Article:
Artist: Rivers Of Nihil

Album Title: Where Owls Know My Name

Label: Metal Blade Records

Date Of Release: 16 March 2018

I have been meaning to get around to reviewing this record for some time. I missed it completely when the promo was sent in advance of its release due to pressures with work and the fact that I was already behind with my reviews, having been faced with an extremely busy Spring release schedule. However, I knew that I had to come back to it at some point, because it is simply too good to miss out on the Man of Much Metal treatment, be that a good or a bad thing. I’ll let you decide.

Prior to this release, I knew literally nothing about Rivers Of Nihil. I like just about every non-core genre of metal, but it has to be something special for me to deliberately seek out new death metal bands as it isn’t at the top of my list of sub-genres. Having said that, if any of the Pennsylvanian band’s previous releases are anywhere near as good as this one, I’m surprised they passed me by for so long.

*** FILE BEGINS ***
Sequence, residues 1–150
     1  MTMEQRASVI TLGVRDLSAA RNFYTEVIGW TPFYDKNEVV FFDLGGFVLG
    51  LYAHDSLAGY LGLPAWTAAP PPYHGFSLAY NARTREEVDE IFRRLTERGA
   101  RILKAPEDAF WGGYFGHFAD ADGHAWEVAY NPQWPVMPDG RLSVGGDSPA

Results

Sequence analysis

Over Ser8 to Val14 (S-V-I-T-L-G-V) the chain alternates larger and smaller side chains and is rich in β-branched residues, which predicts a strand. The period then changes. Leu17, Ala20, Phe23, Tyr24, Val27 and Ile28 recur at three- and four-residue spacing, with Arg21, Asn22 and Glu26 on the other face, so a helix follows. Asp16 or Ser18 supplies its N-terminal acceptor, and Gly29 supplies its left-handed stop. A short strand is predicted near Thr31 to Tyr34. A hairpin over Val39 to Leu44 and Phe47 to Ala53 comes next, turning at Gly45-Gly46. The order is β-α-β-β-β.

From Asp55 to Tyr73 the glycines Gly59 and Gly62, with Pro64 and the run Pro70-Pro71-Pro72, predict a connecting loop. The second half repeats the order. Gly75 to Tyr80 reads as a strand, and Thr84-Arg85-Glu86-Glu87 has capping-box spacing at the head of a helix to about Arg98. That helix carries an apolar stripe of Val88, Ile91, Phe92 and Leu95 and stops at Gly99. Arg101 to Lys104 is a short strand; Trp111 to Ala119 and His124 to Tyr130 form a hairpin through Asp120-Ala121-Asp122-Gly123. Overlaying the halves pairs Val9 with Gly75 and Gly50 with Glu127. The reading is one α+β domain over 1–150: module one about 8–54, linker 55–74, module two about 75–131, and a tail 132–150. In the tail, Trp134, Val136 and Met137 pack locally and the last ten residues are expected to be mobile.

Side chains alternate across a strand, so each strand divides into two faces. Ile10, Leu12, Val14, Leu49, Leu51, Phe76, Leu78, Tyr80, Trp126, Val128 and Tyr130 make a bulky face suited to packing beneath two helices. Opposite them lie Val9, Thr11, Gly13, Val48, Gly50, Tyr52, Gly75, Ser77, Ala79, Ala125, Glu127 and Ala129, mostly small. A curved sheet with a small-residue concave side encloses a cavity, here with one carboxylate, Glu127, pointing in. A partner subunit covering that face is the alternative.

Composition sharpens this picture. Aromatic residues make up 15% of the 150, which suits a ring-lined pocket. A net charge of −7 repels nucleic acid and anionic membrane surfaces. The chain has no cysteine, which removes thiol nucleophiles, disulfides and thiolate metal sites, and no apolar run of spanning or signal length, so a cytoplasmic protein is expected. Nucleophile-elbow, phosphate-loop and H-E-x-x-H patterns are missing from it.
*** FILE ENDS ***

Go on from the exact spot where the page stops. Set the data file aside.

‘Where Owls Know My Name’ is the third full-length album from the American technical death metal band, having formed in 2009 and it is genuinely something to behold. I’m thinking that maybe some of my reticence to actually compose my review stems from the fact that, subconsciously, I find myself a little intimidated by this record. It is a beast, that’s for sure and it is hard to articulate the music satisfactorily in words.

What I think this record does so well, is it combines a complex, tightly-honed and uncompromising form of modern djent-inspired death metal, with something altogether more organic, inviting and esoteric. If the relentless bludgeoning of warp-speed blast beats and riffs can come across as slightly cold, these passages are interspersed with music that is much warmer, more tactile, more human. For my tastes, this is a magnetic combination.